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O-108 Pharmacokinetics Of Melatonin In Preterm Infants
  1. N Merchant1,
  2. A Hawwa2,
  3. D Azzopardi1,
  4. I Gozar3,
  5. A Deierl3,
  6. T Arichi1,
  7. N Tusor1,
  8. A Kapetanakis4,
  9. M Sharma4,
  10. M Wan5,
  11. P Gressens1,
  12. AD Edwards1
  1. 1Centre for the Developing Brain Perinatal Imaging and Health, King’s College London, London, UK
  2. 2School of Pharmacy, Aston University, London, UK
  3. 3Neonatology, Imperial College Healthcare NHS Trust, London, UK
  4. 4Neonatology, Guy’s and St Thomas’ NHS Trust, London, UK
  5. 5Pharmacology, Guy’s and St Thomas’ NHS Trust, London, UK

Abstract

Background Evidence from neonatal studies is critical in understanding developmental variations in drug pharmacokinetics and can guide dosing adjustments. Melatonin has been shown previously in a single dose study to have slow clearance and prolonged half-life in preterm infants.

Aim To determine the melatonin pharmacokinetic profile in preterm infants on exogenous supplementation and to determine the melatonin concentrations in donor and maternal breast milk.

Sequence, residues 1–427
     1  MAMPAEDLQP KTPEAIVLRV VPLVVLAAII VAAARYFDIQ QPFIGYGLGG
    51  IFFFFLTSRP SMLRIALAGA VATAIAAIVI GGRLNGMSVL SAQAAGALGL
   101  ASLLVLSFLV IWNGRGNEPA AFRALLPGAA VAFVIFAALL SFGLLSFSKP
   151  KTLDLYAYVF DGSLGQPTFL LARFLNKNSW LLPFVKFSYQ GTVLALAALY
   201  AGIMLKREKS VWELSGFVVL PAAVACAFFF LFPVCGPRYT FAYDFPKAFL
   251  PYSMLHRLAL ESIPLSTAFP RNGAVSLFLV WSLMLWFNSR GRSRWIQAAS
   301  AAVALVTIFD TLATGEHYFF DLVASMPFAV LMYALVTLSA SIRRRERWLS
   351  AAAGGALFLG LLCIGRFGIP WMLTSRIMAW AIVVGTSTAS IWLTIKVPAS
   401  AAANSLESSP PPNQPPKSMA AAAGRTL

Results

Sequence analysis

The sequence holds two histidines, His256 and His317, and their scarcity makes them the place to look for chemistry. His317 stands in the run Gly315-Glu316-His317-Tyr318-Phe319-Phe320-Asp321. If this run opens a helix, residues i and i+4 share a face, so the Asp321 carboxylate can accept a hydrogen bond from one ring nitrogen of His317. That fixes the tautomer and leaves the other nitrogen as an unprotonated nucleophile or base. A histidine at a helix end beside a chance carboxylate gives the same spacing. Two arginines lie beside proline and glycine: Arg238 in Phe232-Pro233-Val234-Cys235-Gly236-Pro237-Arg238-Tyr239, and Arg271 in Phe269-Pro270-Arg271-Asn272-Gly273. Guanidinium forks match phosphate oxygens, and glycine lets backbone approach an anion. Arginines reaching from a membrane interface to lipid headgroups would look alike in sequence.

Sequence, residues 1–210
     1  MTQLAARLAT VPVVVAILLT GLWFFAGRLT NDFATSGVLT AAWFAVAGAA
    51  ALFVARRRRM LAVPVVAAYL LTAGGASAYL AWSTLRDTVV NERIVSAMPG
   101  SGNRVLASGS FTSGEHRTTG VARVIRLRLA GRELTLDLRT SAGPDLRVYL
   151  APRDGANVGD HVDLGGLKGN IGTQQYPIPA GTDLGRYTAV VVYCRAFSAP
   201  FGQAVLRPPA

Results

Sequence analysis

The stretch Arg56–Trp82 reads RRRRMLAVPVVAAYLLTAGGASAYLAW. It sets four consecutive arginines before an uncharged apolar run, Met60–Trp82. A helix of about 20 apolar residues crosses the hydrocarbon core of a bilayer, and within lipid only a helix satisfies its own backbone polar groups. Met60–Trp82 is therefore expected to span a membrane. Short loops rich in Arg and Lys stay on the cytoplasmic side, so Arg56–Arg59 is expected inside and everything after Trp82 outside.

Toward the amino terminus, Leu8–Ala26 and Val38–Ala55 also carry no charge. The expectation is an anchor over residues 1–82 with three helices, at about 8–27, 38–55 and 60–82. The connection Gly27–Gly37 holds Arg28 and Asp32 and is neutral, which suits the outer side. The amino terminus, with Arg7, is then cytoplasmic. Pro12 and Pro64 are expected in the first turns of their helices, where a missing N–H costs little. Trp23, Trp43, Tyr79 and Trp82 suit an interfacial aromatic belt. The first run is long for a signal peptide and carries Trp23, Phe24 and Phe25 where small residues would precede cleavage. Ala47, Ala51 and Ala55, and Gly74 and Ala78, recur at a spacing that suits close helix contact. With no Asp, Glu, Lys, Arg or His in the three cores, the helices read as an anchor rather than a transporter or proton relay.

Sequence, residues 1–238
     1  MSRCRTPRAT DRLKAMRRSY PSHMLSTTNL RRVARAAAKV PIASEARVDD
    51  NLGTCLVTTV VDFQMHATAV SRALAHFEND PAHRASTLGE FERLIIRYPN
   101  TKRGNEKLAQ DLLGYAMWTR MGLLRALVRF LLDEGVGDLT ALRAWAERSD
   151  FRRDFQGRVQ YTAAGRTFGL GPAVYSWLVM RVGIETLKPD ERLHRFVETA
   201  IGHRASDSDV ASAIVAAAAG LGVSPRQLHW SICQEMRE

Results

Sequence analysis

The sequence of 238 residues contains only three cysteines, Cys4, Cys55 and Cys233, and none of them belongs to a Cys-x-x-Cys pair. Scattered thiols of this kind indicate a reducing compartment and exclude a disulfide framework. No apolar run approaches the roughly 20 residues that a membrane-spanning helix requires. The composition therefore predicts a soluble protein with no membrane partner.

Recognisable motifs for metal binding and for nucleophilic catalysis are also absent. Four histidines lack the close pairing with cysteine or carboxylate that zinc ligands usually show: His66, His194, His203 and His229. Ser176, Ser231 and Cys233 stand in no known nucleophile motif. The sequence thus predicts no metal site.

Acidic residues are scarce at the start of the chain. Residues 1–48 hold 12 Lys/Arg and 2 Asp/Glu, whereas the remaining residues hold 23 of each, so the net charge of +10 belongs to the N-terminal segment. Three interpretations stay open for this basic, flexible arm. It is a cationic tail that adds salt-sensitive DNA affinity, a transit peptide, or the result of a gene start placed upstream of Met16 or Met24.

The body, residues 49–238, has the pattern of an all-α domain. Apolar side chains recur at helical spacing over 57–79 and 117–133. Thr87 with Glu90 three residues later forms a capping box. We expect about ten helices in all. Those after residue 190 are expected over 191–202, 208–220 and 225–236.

Methods The study was part of an exploratory; double-blinded randomised placebo controlled trial evaluating the neuroprotective effect of melatonin in preterm infants less than 31 weeks gestation. Infants in the melatonin arm (n = 29) received an intravenous infusion 0.1 mcg/kg/hr for 2 h once daily for 7 days starting by 48 h after birth. The placebo group (n = 28) received same volume of saline. Plasma and milk melatonin concentrations were analysed by radioimmunoassay. Population pharmacokinetics was carried out using NONMEM.

Results The median plasma melatonin levels on day 4 was 152pg/ml in the melatonin group and was 0pg/ml in the saline group. On nonlinear mixed effect modelling, using first order conditional estimation with interaction, the clearance was 0.05L/hr with a half-life of 15.61 h. Effect of covariates: gender and race were not significant in this study unlike previously reported. Mean melatonin concentrations in donor breast milk were 63pg/ml, higher than that of maternal breast milk even on day 4 (16.6 pg/ml).

Conclusions Preterm infants have delayed clearance and prolonged half-life of melatonin. This data can be used for simulation of future dose studies in preterm infants.

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